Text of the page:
The energy industry is in a period of drastic change. To become climate neutral by 2050, the energy sector must undergo a massive shift by switching to more sustainable renewable energy sources and furthering electrification. On top of the need to decarbonize, the industry is also becoming increasingly decentralized as a greater number of diverse energy sources interact, bi-directional power flows become standard and renewable energy is generated closer to where it is used.
This transformation has given rise to new business models and shifted roles within the industry, as new and unconventional players enter the market. Increased integration through sector coupling – the process of interconnecting energy consuming sectors with the power producing sector – for example, allows industry players to share resources and overcome challenges through collaboration. However, such integration requires aid from technology. Increased volatility caused be the Covid-19 pandemic and larger adoption of renewables means that stakeholders must add intelligence to the electricity supply chain. The energy sector is far behind other industries when it comes to digital innovation and a rapid acceleration is now the only way forward, as found in our latest report on digitalization in the energy industry.
Digital tools to the rescue
Rather than acting as another force placing pressure on the industry, digitalization in energy should be seen as a solution to create added value and increase the efficiency and demand response of energy systems. A wide variety of technologies will contribute to increasing digitalization in energy.
Digital control through energy monitoring optimizes grids to maximize the supply of renewable energy, lower demand when power is most expensive and carbon-intensive, and thereby enhance cost-effectiveness and resilience. For example, energy and utilities businesses with an advanced level of digitalization have, on average, seen a 10% improvement in net benefit (revenue minus costs).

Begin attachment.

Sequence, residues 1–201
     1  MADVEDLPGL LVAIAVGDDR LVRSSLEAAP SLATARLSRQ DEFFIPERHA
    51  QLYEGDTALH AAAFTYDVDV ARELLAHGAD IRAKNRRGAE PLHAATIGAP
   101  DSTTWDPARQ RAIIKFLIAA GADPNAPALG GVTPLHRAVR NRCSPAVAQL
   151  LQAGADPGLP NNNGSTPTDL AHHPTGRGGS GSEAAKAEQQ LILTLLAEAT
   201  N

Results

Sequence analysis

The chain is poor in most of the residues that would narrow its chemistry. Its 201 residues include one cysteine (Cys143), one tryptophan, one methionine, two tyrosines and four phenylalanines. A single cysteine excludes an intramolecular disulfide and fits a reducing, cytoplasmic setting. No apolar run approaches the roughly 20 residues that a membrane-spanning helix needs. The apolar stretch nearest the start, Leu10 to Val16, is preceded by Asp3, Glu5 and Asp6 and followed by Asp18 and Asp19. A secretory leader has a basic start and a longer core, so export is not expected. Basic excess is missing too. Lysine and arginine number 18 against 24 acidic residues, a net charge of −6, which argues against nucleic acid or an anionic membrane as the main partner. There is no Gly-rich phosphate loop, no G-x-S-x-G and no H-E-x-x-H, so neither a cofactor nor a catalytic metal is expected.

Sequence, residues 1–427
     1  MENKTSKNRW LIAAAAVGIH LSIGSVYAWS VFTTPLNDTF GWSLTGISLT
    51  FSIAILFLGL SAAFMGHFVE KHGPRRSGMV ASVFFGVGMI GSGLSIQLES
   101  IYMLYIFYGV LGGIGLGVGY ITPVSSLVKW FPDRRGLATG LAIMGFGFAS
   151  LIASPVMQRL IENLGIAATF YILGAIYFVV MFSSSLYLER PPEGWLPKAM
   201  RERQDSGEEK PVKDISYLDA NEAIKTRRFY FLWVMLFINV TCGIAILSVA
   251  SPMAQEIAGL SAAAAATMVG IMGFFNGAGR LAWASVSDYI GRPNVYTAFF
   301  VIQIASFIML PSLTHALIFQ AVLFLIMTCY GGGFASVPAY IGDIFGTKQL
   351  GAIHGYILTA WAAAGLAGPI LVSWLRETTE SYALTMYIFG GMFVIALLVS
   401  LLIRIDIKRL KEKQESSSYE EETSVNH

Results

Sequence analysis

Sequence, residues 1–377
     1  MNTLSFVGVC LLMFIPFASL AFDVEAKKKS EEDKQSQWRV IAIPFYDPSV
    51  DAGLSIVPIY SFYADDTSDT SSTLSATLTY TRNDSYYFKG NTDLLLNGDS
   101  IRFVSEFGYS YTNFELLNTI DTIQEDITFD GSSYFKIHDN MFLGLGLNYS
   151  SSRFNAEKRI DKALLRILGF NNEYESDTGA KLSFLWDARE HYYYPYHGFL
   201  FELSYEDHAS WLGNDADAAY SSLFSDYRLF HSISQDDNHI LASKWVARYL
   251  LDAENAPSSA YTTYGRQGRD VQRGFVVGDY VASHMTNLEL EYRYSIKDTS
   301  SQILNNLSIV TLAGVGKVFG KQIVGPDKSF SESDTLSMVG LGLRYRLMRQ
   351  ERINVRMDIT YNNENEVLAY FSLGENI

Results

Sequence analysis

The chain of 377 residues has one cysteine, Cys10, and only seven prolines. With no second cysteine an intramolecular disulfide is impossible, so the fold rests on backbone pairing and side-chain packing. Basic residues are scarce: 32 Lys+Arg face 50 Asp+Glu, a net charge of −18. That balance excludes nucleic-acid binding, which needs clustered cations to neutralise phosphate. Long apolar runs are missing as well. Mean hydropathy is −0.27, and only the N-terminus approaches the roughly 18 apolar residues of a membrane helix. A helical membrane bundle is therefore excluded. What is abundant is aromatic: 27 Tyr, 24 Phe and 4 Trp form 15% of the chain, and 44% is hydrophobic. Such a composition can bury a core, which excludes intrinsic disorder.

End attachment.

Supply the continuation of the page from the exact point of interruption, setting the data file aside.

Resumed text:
gridX’s XENON platform, which connects and controls energy flows and enables real-time analysis of millions of data points, has enabled numerous companies to vastly lower costs and emissions. By implementing AI-based dynamic load management systems, E.ON for example, would be able to expand the capacity of electric vehicles from 49 to up to 550 - without any grid extension.
"The future of the energy market is not electricity, but data."
Andreas Booke, Managing Director, gridX
Whole systems transformation
Rather than implementing an isolated digital solution and expecting ongoing benefits, companies must transform the entire system to build digital expertise and stay up to date with constantly emerging technological advancements. Stakeholders must understand the importance of investing in digitalization and embed it as a strategic priority. Challenges surrounding security, privacy, security and regulation must, of course, also become important considerations in this long-term approach.
Learn more about how to flourish in the changing energy landscape and the major impact of digitalization in energy by reading the full report.